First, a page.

Well, didn't she look pleased with herself. Sitting back, raising her eyebrow, sipping wine, smirking. Goodness gracious, she really thought she'd passed that test with flying colors. Mrs. Bythesea was probably the sort of person who was called clever at ballrooms, and then spent the rest of the evening swanning about the compliment. And in fairness to her, this was the sort of depth of opinion that was bandied about in a ballroom setting, and presumably it would have done just as well at the ladies' club or a garden party or an afternoon tea. It was not the nuance that Oz expected of someone who would be making political decisions — and granted, not all men had that degree of nuance either, but that was immaterial at the moment. The men's right to vote was not being contested, and the women's was. They didn't just have to perform at an equivalent level; they had to be demonstrably and defensibly better than their male counterparts, if the conservatives were to be convinced. It was fine to point towards ah, yes, so long as the Statute is observed in a casual conversation, but in practical terms it sidestepped the issue entirely — expansion of neighborhoods meant changing existing charms, layering on new ones, overall intruding more on the Muggle world — was it worth the risk or not? Yes, yes, one could say ah, I'm for it so long as it all goes right, but had she ever actually considered what that meant?

If given the chance, he guessed, Mrs. Bythesea would vote for all of those convenient little motions that undermined long term policy, and then when things began to collapse she would be part of the crowd standing there pointing fingers at the Ministry and saying but how could you have let this happen? (This was something he had told Christabel, in another form; part of the purpose of government was to protect the people from themselves. Not everyone ought to vote; some people were idiots, and others were uninformed, and neither of those two groups tended to be self-aware enough to absent themselves from the decision-making process voluntarily).

But he hadn't called her over to educate her on obscure political issues, or to give her the context she needed to vote, or even to point out her own inadequacies in that department to her. He'd called her over to illustrate to Berkwood what his opponents on the voting reform committee were likely to see as the primary problem with giving women the vote, and he thought this had gone on long enough to accomplish that.

"Last question, Mrs. Bythesea," he said, with a quick smirk to Berkwood as though the pair of them were sharing an inside joke. "If you'd had the ability, who would you have voted for in the last election, and why?"

MJ is the light of my life <3
She was disappointed; it appeared that they were not interested in further talking about hag procreation. The Ministerial question was comparably more boring, but it also wasn't one she had been asked before. Sera had thought about it. She had gone to the debate in September, although that had eventually been overshadowed by the dragons; she had not gone to the debate about the dragons, because the dragons rather overshadowed that one as well. Still. There was so much news that was available to her now, so many things that she could think about when she wanted to — of course Sera had thought about who she would have voted for, had she been able to.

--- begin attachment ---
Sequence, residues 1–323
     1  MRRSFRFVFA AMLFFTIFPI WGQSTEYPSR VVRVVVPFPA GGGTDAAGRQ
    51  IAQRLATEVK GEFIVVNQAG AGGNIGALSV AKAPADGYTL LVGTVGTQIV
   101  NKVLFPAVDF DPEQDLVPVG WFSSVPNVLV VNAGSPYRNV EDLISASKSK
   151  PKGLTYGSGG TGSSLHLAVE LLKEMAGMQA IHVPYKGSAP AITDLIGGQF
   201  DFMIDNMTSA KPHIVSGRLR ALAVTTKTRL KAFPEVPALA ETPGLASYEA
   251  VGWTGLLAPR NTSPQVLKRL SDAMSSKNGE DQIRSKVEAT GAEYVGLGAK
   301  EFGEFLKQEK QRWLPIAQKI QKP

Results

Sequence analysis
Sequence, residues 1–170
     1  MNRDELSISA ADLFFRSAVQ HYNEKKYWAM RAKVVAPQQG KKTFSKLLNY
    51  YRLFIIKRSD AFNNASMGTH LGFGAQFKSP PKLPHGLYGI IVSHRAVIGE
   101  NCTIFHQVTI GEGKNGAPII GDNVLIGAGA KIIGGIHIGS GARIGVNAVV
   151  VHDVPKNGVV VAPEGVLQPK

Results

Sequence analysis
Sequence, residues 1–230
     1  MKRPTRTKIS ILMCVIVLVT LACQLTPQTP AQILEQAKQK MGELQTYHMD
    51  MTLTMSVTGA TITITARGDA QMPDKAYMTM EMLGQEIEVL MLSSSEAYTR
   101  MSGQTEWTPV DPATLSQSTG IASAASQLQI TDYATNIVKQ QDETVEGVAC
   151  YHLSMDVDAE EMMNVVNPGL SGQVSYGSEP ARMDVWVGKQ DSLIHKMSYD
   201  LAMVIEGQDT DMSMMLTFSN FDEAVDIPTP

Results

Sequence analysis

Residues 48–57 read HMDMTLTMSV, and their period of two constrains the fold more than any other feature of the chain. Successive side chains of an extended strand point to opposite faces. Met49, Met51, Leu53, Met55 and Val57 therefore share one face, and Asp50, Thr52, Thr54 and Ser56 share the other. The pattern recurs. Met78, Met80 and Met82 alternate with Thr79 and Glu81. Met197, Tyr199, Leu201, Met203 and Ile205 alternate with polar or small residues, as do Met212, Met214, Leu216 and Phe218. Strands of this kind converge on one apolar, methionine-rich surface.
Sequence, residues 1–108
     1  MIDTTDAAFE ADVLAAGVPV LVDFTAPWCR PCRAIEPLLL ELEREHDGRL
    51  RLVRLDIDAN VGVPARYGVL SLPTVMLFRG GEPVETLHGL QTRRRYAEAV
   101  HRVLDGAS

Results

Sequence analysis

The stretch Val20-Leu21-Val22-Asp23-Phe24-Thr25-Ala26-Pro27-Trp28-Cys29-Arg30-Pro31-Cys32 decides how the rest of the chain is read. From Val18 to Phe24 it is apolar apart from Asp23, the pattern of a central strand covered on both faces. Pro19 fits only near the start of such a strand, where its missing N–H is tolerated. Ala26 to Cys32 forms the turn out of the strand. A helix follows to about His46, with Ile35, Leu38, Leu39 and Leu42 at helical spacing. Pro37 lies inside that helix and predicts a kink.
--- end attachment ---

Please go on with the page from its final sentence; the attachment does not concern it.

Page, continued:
"Oh, Mr. Crouch," Sera said easily, without having to pause. "He was open to voting reform, and he is a Ministry man. No offense, Minister Dempsey." Given that his expressions seemed devoted to mildly offending her, Sera was largely apologizing for the sake of it.

And Seraphina still liked Ministry men, despite her father's actions — all of her brothers were Ministry men. Sera respected healers, although she did not know any of them particularly well after Waking Up — she respected businessmen when their business seemed tangible to her. (Like Mr. Flourish.) She did not have an abundance of respect for her husband, who worked in a business that she could not understand, or had never been given much of a window into. And then there were Gentlemen of Leisure. While Seraphina understood it as a perfectly acceptable choice for first sons, there was something about it that just seemed off to her — probably because all of her brothers had worked after returning from their tours. And so she would not have voted for Mr. Dempsey.

(Mr. Wright and Miss Whitledge had never warranted much consideration from Sera. Mr. Wright was too much of a damn radical — an attractive little revolutionary, for sure, but Sera did not actually want to spend much time with the masses that he seemed devoted to, and she largely thought the marriage ban was good. And Miss Whitledge — sometimes Sera half-wished she had been allowed to work, or more accurately wished that she had been allowed to have a more interesting hobby while not being cursed, but that did not mean she wanted young ladies running rampant with the government; it spoke to a lack of parental guidance.)

She waited to understand the point of this exercise.

Harry nodded--more as a sign that he was paying close attention, not really in agreement. Crouch wasn't really to his tastes, politically-speaking, though he wasn't terribly surprised by Mrs. Bythesea's answer. He rather thought a candidate like Aldous Crouch appealed to the sort of voter he'd expect a well-establish socialite to be. "Fair points," he said. Then, because he might as well a question of his own while he had the opportunity, he asked, "Would you say, madam, that, were you in a position to vote yourself, you would have more interest in Ministry policies, or the same?"

Because, really, just because someone wasn't a political activist didn't mean they wouldn't educate themselves on the issues if they had the opportunity to apply it.